Professor John Cunningham

Professor John Cunningham


  • Director of Research and Innovation
  • Director of the UK Network for THz Science and Technology Teranet

Research interests

My research is on the development of high frequency (megahertz to terahertz) electronic / photonic techniques for the interrogation and manipulation of a wide range of systems

A major theme has been the development of on-chip terahertz systems, which provide a versatile way to confine THz radiation to length-scales far below the diffraction limit of free-space propagating THz radiation.  In these systems, pulses of THz radiation are generated using an ultrafast laser, and are then guided through lithographically defined waveguides, where they interact with either samples or devices, before being detected.  Since the size of these systems is limited only by lithographic considerations, they are ideally suited to study the THz response of individual mesoscopic systems and nanostructures, for example. We have used this technique to develop many spectroscopy, imaging, and sensing applications, including (but not limited to) the low temperature THz spectroscopy of polycrystalline chemicals, the modulation and detection of plasmons and magnetoplasmons in 2D electron gases, and the scanned imaging of semiconductors.  We are now extending the technique to endoscopy and detection of cancerous tumours.

A second theme of my work is the development of new applications for high frequency (MHz to 10's GHz) surface acoustic waves (SAWs).  SAW filters find commercial application as delay lines in mobile phones, but we use SAWs as a way to provide a high frequency perturbation to micro- and nano-structures.  The piezoelectric potential which accompanies the mechanical movement of a SAW can be used to push charge through semiconducting materials - the so-called acoustoelectric transport.  We demonstrated this effect in graphene for the first time. We have also demonstrated the mechanical alignment and transport of micron scale particles in microfluidic systems mediated by SAWs, and are currently researching the interaction of SAWs with magnetic systems to move both magnetic domain walls and skyrmions, with possible applications in low energy computing.

Another recent application for high frequency acoustic waves we are studying is using them to perturb (and ultimately control) the light output from terahertz quantum cascade lasers.   THz QCLs offer the potential for high data rate communications in both terrestrial and satellite applications, with the picosecond relaxation times in principle enabling modulation rates exceeding 100 GHz.  We are interested in how acoustic waves interact with carriers in these quantum systems, and how they could be used to introduce a controllable local perturbation to the bandstructure, both from a fundamental point of view and as a method for modulation with a view to fast communication schemes.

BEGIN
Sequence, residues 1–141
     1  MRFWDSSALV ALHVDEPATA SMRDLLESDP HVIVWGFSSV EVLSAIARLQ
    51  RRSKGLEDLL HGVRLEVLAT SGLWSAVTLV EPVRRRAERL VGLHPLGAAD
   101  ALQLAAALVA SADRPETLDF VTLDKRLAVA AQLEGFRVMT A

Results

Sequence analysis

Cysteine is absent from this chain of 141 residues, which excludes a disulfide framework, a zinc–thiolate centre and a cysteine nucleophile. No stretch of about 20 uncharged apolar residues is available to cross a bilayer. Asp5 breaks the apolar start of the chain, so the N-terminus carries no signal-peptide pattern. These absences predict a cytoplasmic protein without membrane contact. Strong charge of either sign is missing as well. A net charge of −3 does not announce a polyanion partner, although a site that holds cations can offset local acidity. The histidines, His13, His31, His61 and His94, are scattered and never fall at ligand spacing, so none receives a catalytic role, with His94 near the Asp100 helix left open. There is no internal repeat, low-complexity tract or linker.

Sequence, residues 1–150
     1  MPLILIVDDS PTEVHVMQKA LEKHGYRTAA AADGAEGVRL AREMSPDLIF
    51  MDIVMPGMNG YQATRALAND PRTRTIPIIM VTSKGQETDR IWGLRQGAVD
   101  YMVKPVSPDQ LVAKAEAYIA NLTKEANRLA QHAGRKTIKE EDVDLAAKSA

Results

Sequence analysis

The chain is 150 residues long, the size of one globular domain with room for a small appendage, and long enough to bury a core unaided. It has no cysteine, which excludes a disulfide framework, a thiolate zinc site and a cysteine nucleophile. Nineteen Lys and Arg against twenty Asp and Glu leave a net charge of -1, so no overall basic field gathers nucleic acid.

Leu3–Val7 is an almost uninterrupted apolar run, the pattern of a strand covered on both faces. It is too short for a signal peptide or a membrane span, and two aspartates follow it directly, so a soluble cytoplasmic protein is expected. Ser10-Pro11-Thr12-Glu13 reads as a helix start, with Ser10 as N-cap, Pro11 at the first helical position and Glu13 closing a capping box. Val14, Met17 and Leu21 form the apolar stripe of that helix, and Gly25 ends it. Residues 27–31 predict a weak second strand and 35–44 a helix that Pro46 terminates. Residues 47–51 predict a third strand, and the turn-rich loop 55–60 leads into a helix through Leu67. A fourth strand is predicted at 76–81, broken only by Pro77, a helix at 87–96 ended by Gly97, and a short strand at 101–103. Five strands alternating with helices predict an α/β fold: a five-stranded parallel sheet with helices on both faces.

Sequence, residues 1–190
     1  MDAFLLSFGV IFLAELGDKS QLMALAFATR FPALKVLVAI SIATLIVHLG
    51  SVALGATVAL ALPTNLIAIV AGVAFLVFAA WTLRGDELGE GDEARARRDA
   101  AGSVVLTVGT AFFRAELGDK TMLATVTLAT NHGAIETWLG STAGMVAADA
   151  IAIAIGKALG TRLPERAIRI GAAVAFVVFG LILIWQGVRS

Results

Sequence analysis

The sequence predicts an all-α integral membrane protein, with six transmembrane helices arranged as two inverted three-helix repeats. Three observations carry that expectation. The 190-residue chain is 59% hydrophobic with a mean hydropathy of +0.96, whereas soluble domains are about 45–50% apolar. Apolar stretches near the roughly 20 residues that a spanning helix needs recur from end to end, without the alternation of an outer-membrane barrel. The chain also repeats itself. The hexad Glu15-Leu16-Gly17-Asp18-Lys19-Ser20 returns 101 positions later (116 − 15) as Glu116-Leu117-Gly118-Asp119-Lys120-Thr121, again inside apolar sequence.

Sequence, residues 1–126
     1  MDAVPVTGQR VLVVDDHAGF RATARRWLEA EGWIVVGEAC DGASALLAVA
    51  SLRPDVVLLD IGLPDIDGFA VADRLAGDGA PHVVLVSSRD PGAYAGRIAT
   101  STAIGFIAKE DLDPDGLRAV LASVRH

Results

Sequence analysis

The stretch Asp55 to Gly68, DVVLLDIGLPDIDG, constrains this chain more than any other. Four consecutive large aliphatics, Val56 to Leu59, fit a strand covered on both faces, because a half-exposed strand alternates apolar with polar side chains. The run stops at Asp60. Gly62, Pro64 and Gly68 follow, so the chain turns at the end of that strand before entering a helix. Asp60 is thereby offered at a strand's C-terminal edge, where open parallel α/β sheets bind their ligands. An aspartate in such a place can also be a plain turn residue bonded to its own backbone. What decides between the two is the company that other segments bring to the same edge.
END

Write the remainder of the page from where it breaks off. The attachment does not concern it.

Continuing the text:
Much of the above work makes use of our extensive cleanroom fabrication facilities, which include electron beam lithography, while experiments are undertaken in our world-class high frequency and THz photonics laboratories.  Our facilities include Ti:sapphire lasers, and a range of cryostats able to access low temperatures alongside providing up to THz frequency range excitation and detection capabilities.

I am always interested in hearing from potential collaborators and PhD students.  If you have ideas for new collaborative projects, or would like to discuss potential PhD topics in related areas, please send me an email.

<h4>Research projects</h4> <p>Any research projects I'm currently working on will be listed below. Our list of all <a href="">research projects</a> allows you to view and search the full list of projects in the faculty.</p>

Research groups and institutes

  • Pollard Institute
  • Terahertz electronics and photonics
  • Bio-nanoelectronics

Current postgraduate researchers

<h4>Postgraduate research opportunities</h4> <p>We welcome enquiries from motivated and qualified applicants from all around the world who are interested in PhD study. Our <a href="">research opportunities</a> allow you to search for projects and scholarships.</p>
    <li><a href="//">Terahertz Photonics</a></li>